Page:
Inflation rises again


Inflation rises again in AugustFigures released today show that both measures of inflation rose last month.

The Consumer Prices Index (CPI) rose from 4.4% in July to 4.5% in August, RPI (Retail Prices Index) which includes the cost of housing also increased from 5% to 5.2%.

The Office for National Statistics (ONS) said that footwear and clothing were the main contributors to the increase, although increased heating and petrol costs were also to blame.

These increases were partially offset by the cost of transport rising more slowly than at the same time last year.

Inflation Target

The Bank of England’s Monetary Policy Committee (MPC) have a target of keeping CPI at 2%, and despite inflation being well above this target the Bank still believe inflation will fall back towards this target during the next two years.

The Bank believes that current levels of inflation are due to the VAT increase at the start of the year and a rise in global energy prices.

Chris Williamson, chief economist at Markit agrees: “The rate is likely to move higher in coming months as utility bills continue to increase, putting further pressure on already-strained household budgets.”

He continued, “However, inflation should start to fall by the end of the year, and drop significantly next year as those factors which have driven the rate up this year, such as January’s hike in VAT from 17.5% to 20%, high oil and food prices and the depreciation of sterling all move into reverse.”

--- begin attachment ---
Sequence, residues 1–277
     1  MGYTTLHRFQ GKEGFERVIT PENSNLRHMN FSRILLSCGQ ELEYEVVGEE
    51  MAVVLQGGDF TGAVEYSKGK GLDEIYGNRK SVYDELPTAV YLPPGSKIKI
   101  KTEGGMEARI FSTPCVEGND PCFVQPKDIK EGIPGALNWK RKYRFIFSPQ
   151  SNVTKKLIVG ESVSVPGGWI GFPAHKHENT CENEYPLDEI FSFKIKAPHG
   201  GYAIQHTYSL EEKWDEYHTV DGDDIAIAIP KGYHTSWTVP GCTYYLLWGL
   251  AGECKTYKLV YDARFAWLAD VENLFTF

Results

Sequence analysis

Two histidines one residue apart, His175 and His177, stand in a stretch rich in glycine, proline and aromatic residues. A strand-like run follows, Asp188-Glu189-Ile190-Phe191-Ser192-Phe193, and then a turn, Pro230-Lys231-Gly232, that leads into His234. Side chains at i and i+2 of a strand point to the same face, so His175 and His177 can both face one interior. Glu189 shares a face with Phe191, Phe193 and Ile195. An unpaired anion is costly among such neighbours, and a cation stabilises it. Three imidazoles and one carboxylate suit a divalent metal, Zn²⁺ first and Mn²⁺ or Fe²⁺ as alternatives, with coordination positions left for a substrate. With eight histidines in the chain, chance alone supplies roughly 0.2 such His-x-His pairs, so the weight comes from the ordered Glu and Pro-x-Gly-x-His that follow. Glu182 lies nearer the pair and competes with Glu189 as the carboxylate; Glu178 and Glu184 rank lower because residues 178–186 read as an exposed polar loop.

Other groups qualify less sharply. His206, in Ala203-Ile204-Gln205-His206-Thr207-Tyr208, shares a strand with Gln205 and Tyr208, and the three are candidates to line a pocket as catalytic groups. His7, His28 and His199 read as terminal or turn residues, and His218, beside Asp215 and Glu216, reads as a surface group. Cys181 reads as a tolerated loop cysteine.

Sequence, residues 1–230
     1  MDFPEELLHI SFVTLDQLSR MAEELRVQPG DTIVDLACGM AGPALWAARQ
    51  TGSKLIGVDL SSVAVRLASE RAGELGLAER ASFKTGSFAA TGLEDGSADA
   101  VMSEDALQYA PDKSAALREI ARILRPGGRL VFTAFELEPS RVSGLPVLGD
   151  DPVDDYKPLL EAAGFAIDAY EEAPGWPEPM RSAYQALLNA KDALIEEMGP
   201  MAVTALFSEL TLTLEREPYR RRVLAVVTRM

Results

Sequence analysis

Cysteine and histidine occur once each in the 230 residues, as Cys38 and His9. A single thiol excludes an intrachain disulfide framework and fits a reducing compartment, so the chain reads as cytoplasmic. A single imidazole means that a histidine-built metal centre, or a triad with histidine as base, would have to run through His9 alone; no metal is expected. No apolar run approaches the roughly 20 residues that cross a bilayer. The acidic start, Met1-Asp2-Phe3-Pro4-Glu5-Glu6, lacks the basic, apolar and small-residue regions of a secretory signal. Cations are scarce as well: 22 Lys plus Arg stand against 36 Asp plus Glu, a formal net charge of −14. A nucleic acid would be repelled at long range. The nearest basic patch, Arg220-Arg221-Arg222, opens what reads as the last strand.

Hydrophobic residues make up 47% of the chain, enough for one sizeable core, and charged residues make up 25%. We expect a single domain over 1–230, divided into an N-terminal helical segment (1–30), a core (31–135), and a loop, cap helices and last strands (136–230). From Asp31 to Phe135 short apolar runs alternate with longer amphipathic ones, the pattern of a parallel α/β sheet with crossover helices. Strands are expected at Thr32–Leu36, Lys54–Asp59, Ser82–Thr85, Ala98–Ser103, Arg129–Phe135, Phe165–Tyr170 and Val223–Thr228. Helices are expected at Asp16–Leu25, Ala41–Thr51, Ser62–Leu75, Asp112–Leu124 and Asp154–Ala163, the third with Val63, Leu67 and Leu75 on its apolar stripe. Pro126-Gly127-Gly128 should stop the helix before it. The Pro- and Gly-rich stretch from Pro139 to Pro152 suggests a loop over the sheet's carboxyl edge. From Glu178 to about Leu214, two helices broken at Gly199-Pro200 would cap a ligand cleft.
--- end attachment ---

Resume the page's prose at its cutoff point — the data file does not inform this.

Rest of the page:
Jonathan Loynes at Capital Economics echoed these thoughts saying, “August’s consumer prices figures brought further hope that the peak in inflation is close.
“We still expect inflation to be well below its 2% target at the end of next year.”

Interest rates

Many experts believe that inflation will continue to rise and disagree with the Bank’s assessment that current inflationary pressures are temporary.

Interest rates have traditionally be used to help curb inflation, however the MPC seem to be reluctant to increase rates at the current time and are seemingly more concerned about the damage an interest rate rise would have on the fragile economy.

However, if inflation remains above target or rises still further the MPC may be forced to increase rates. This will come as a relief for savers who are finding it almost impossible to get a real return on their savings and received a further blow last week when NS&I withdrew their Index Linked certificates.